In storytelling, death is often the ultimate way to raise the stakes. With superhero comics, existential threats are around every corner, the stakes often threatening death for our heroes, their loved ones, or their entire universes. In well over a century of comic books, there have been plenty of deaths. Plenty. So many, in fact, that I have to wonder: What does death in comic books even mean?
To be clear, I’m not talking about the deaths of bystanders or one-off characters created for specific stories. Those deaths can range anywhere from meaningless to deeply profound, depending on the writer. I’m talking about established characters with their own monthly titles, leading teams, appearing on T-shirts and in movie theaters.
Batman has died more than a dozen times between Joker blowing him up, Darkseid killing him during Final Crisis, and vampire Batman sacrificing himself to kill Dracula. Superman’s demise in The Death of Superman made TV and newspaper headlines in 1993. Captain America was assassinated after the original Civil War. Jean Grey has died and been reborn many times, often carrying the on-the-nose moniker Phoenix. Every member of the Justice League has died at least once. They’re all dead right now as part of Dark Crisis, as a matter of fact. Since Jonathan Hickman revamped the X-Men, all mutants are effectively immortal, which means they’re dying and coming back A LOT.
I remember watching Captain America: The First Avenger for the first time. Even without my existing knowledge of comic books, when I saw Bucky fall off that train into the gorge, I knew he wasn’t dead. As a movie based on a comic, I assume it follows death in comic book rules. If I don’t see a body OBVIOUSLY dead, they’re going to show up again very soon. Even that rule doesn’t seem to really apply anymore, though sometimes these characters can stay in the grave for years.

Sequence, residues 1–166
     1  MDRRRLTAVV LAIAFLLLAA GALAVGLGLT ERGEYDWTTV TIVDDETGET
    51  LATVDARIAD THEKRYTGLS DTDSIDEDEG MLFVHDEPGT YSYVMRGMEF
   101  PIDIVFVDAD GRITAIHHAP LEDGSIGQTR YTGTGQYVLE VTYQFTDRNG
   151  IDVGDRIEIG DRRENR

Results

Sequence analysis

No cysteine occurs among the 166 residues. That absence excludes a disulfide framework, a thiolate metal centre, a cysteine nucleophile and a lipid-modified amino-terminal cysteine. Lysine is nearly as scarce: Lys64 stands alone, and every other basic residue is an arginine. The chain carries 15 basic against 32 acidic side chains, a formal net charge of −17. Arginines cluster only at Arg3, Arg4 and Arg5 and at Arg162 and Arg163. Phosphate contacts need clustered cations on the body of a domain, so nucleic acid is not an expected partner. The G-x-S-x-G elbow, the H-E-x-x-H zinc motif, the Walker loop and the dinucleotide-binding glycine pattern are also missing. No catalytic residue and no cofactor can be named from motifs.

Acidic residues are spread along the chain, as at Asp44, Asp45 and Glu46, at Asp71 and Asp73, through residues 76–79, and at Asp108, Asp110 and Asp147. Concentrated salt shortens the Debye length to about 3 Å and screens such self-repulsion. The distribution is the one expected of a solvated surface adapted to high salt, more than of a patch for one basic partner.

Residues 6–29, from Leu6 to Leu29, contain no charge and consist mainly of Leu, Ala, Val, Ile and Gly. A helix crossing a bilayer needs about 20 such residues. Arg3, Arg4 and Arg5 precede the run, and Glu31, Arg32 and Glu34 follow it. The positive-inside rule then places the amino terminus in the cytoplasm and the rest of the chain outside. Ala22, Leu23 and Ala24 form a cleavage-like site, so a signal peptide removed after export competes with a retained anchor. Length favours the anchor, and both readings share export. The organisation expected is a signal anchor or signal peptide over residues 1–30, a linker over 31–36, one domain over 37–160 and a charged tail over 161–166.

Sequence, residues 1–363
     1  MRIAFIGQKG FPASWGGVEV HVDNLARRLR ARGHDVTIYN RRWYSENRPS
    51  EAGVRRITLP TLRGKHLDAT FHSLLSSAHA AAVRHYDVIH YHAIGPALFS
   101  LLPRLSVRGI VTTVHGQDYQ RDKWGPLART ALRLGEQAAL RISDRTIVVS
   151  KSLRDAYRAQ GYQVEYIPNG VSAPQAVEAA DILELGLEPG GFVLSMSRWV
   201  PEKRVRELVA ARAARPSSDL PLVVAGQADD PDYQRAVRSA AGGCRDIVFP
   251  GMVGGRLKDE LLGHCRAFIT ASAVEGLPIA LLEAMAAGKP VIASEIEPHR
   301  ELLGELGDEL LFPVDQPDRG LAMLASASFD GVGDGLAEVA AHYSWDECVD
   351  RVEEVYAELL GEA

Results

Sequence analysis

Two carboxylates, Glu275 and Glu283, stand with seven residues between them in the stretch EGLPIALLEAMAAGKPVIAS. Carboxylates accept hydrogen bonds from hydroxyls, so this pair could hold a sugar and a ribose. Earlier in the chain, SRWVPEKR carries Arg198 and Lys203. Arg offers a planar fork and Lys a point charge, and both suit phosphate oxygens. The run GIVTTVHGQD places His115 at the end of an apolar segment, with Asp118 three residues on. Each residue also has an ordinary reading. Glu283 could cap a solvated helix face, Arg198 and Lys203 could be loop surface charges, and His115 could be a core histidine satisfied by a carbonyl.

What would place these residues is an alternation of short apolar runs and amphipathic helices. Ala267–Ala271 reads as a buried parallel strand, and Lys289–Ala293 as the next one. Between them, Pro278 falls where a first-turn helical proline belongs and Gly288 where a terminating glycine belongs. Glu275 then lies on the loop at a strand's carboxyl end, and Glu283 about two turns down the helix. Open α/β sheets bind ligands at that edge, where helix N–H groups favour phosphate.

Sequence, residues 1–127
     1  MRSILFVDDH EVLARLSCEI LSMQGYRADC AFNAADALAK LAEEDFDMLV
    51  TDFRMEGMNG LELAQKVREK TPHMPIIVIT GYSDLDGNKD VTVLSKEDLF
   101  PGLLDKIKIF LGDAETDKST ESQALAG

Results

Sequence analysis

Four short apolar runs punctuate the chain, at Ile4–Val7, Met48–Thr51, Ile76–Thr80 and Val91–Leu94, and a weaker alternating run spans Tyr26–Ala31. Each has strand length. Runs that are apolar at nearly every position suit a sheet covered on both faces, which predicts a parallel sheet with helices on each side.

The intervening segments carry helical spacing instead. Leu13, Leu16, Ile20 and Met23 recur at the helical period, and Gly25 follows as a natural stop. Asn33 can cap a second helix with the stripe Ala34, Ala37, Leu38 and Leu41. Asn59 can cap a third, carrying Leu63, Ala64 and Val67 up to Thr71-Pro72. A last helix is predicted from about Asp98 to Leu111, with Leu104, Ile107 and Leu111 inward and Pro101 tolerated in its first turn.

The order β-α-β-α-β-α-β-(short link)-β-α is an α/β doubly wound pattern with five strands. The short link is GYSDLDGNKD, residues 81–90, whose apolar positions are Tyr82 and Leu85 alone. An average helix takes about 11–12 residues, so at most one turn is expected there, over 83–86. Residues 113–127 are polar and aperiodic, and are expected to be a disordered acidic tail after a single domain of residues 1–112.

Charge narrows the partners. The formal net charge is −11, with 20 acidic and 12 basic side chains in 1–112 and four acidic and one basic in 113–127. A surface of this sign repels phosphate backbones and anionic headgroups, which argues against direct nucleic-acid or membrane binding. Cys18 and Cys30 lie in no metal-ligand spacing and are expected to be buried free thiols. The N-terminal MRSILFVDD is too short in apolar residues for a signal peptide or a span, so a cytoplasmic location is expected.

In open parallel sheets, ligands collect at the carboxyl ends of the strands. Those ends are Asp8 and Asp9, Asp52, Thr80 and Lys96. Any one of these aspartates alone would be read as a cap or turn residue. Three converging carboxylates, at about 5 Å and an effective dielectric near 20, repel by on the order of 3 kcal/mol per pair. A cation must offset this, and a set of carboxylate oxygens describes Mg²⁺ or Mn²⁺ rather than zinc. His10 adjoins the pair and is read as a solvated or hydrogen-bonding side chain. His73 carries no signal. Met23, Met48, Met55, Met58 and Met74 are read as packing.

The nature of death in comic books is closely tied to the nature of the genre. Detective Comics has been running since 1937. Batman has been the star of it since 1939. The Fantastic Four first appeared in 1961. Superman in 1938. Wonder Woman in 1941. Even B-listers who have been recently elevated, like Rocket Raccoon, have been around since the 1970s. When any serialized story runs this long, the challenge is always to find new ways to tell stories.
Death is often an answer to this challenge. And the results of death in comic books can be amazing.
What is Gotham City without Batman? The rest of the Bat-family steps up, filling the void, with Dick Grayson taking on the cape and cowl. Who are the X-Men without Professor X? Rudderless at first, but then dedicated in Xavier’s absence, with Cyclops taking on a leadership role and growing into a more complex character. How do the Teen Titans get by without Cyborg? Troubled and scattered, unable to hold together well without Victor’s stabilizing presence. What happens when Peter Parker dies? We get Miles Morales.
Major character deaths have given us Sam Wilson as Captain America. The death of the Justice League has made way for a host of newer, more diverse characters to step up in the DC Universe right now. With any of these major deaths, though, there’s always an expectation that those characters will come back eventually. Maybe it’ll be in a month, maybe a few years. But they’ll be back. The status quo restored. At what point does death lose all meaning in comic books?
Looking again to Dark Crisis, I don’t believe for one minute that the main Justice League is staying dead for any significant amount of time. Batman, Superman, and Wonder Woman alone sell so many books that DC won’t leave Bruce, Clark, and Diana out of those titles for very long. So, when they were all disintegrated at the beginning of this event, I didn’t shed a tear. I didn’t really feel the grief that is central to the Dark Crisis story. They’ll be back. It’ll be fine. Maybe I’m wrong, but I don’t think so, and the emotional impact just wasn’t there for me.
The Judgment Day storyline from Marvel Comics is unusual, looking directly at the meaninglessness of death as a major plot point. The Eternals are targeting mutants specifically because the mutants are defying death. I’m hoping Judgment Day results in the end to mutant immortality. For the last few years, X-Men writers have been killing off mutants left and right, reviving them just as fast, and not worrying about the stakes. It’s made the novelty of Krakoa turn quickly into boredom.
Death in comic books requires a delicate balance. Superman’s first death in 1992 hit everyone hard. There was a big build-up, a climactic battle, and the mourning felt real. His second death(s) in 1998 was just a welcome return to the status quo after the weird Red/Blue Superman arc. These deaths need to be exceedingly rare, built up well, and need to last for a while to have a real effect. As it is now, they’re just another tired comic book trope.